John in DC

Sometimes, in order to find out what my husband does, I google him.  This was his latest trip to DC.

http://nas-sites.org/revellelecture/files/2011/11/MeltingIceRevelleLectureFLYER2262013finalfinal.pdf

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Half Days

I like half days, as far as work load goes.  They are plenty tiring for me.  But the half days I have had this week have also been a bit disconcerting.  I am scheduled to be there at 12:30, but the classes I had didn’t start until 1:00.  I had 1st and 2nd graders (mixed classroom) for the first hour 1:00 – 2:00; Kindergarteners from 2:00 to 2:45; and 3rd and 4th graders for the final hour, 2:45 – 3:45.  The sub caller actually said I was supposed to be done at 3:30, but since that is a pretty short half day, I have stayed until the end of the class. 

The person I am subbing for is actually there – he is giving make up TCAP tests this week in the computer lab.  So we have been using laptops.  I hate using these particular laptops and I especially hate using them with the younger kids, the K-3s.  The touch pads are WAY TOO sensitive and the kids end up doing all sorts of things they don’t expect, just because they accidentally touched some place on the touch pad that got them into trouble.  What a mess.  And you can’t help 20+ kids at a time, even if there is an aide with you.  We survived, but it certainly wasn’t the best experience for the kids. 

I know that they might also have had problems on Macs, but I still can’t help thinking that the problems were worse on these PC compatibles. 

I don’t think I have computer classes tomorrow, since he said that they normally have “clubs” on Fridays.  I have no idea what that means.  I wish he had told me more – maybe I could have prepared something.

It is interesting to me how some of the teachers have been so nice and friendly and others have made me feel like the most bumbling bumpkin they have ever met.  Sigh.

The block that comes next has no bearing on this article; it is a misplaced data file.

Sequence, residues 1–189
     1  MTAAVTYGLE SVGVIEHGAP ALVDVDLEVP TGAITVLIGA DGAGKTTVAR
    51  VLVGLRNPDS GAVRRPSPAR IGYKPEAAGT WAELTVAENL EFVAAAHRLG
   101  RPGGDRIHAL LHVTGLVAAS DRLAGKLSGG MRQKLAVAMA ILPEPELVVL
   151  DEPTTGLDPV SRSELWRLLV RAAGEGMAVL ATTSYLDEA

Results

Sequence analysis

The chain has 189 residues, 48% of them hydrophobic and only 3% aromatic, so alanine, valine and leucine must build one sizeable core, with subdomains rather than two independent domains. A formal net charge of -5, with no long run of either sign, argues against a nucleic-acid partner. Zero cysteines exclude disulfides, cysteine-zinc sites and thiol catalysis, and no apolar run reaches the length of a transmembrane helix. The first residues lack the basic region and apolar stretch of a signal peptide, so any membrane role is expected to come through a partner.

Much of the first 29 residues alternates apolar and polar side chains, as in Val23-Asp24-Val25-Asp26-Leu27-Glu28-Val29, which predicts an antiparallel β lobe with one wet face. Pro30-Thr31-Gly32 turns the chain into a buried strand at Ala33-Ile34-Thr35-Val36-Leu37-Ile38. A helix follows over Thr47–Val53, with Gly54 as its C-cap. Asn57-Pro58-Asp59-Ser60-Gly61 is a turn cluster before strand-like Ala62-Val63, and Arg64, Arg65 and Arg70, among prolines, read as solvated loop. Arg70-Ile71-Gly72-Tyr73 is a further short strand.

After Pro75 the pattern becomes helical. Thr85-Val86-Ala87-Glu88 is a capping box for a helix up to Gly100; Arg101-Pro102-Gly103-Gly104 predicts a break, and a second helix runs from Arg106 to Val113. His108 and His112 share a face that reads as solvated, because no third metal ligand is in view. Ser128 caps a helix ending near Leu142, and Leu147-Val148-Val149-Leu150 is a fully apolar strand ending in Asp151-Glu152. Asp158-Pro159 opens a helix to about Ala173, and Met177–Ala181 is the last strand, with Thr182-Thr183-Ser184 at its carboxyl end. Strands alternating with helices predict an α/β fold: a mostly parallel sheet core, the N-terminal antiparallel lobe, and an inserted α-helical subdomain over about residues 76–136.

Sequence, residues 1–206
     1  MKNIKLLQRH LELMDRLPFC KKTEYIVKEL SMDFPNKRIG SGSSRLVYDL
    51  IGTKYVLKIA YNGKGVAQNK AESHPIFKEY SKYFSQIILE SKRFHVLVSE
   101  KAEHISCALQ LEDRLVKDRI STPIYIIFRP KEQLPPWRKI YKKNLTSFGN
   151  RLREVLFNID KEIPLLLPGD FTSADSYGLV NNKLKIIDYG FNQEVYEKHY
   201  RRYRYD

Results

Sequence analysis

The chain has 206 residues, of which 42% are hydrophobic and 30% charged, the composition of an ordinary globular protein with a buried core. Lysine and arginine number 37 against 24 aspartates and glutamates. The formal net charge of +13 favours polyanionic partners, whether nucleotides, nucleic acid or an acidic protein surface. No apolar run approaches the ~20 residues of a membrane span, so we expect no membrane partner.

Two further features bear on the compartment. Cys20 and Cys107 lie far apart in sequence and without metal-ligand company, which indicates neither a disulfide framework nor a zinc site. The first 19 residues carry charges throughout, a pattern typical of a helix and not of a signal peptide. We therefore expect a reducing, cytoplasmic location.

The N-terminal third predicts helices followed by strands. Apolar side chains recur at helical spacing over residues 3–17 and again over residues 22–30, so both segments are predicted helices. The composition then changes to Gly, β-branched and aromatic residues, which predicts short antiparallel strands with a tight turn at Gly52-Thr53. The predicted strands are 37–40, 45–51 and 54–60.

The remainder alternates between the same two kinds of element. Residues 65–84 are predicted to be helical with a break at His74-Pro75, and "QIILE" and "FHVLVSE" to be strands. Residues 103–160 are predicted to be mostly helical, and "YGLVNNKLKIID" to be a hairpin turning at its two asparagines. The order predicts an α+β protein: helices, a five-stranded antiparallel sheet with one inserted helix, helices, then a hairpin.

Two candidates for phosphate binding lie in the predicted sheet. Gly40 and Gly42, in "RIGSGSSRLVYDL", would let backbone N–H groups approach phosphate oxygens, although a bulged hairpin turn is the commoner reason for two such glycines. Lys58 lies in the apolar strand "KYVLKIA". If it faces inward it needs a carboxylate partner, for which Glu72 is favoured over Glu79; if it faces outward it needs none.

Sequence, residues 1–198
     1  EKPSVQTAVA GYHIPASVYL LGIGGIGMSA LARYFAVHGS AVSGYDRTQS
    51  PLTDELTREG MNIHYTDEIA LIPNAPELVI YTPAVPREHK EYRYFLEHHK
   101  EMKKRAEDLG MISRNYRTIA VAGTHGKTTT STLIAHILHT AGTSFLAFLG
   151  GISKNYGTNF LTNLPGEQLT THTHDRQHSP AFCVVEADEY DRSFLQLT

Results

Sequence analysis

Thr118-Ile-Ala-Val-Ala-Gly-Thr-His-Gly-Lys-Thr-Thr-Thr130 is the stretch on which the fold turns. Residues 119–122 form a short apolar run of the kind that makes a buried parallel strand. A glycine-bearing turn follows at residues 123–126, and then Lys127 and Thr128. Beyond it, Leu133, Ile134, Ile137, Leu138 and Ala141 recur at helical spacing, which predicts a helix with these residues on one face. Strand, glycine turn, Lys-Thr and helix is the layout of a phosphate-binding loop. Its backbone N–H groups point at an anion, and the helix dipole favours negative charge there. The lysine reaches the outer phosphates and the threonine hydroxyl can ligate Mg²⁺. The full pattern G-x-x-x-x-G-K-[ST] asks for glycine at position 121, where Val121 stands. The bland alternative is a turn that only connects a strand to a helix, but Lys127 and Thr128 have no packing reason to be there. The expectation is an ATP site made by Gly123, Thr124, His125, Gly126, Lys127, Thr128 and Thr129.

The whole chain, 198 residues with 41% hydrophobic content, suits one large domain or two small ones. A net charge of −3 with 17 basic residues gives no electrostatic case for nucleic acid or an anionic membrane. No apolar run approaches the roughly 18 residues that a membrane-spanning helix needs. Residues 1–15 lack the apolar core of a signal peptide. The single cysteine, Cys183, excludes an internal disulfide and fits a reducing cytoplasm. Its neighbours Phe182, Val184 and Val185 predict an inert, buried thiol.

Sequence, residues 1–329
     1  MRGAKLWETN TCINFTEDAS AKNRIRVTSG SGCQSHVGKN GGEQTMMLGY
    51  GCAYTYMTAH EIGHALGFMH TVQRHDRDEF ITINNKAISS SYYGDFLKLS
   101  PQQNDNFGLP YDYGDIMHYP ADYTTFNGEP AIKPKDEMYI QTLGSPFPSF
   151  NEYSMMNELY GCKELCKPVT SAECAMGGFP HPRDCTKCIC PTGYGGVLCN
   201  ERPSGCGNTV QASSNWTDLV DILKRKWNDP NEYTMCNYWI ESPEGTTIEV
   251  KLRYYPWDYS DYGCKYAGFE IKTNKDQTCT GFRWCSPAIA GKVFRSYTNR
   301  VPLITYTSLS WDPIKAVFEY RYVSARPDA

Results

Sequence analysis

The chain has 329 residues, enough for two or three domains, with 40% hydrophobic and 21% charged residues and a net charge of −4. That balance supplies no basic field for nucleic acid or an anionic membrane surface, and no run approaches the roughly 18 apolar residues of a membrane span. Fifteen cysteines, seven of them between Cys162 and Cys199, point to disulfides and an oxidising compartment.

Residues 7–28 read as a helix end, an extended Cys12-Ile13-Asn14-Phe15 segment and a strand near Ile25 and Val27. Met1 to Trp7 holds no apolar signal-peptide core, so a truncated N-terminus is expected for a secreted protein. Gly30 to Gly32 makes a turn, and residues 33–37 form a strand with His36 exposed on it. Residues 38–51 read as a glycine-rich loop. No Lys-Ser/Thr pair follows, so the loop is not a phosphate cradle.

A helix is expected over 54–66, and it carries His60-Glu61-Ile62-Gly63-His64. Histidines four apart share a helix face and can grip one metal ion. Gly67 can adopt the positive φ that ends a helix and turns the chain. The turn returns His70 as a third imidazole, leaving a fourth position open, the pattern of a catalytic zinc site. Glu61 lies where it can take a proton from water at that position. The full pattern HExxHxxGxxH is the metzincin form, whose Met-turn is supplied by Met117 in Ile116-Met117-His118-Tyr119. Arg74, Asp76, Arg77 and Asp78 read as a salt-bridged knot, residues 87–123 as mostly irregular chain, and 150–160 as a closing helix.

During my free 45 minutes today and yesterday (no Kindergarten classes on Wed or Thurs) I have been working on organizing their bookshelves.  I am not sure what the other subs have been doing with their “free” time.  But, organizing the books has been fun for me – and I hope helpful for them. 

Sorry, for the rambling post – no real content, just blather.

Evaluating Teachers; Evaluating Congresspeople

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The above was posted on Facebook and it got me thinking.  What would be the best way to evaluate Congress?  How can we tell how well they are suited to doing their jobs?  Should we base their pay on whether they actually do their jobs, such as passing a budget?  
 
Or, even before they take office, make them take a PRAXIS exam, developed by an independent commission, in which prospective congresspeople have to demonstrate the knowledge necessary to make reasonable decisions on matters that might come before Congress, such as climate change, trade agreements, banking regulations, etc.  If they pass the exam, they will be qualified to get a Congressional PRAXIS endorsement and be certified for 5 years, after which time, they will have to apply to be re-certified.  They then must show proof that they have spent 15 college semester hours studying issues that they have had to make decisions on. 
 
If we truly believe that representing the people of the United States is an honor and an important job, then the people who do it should be qualified to do so.  Maybe they should be required to get a certificate declaring that they are HIGHLY QUALIFIED congressional candidates — because, you know, they actually know something about the issues.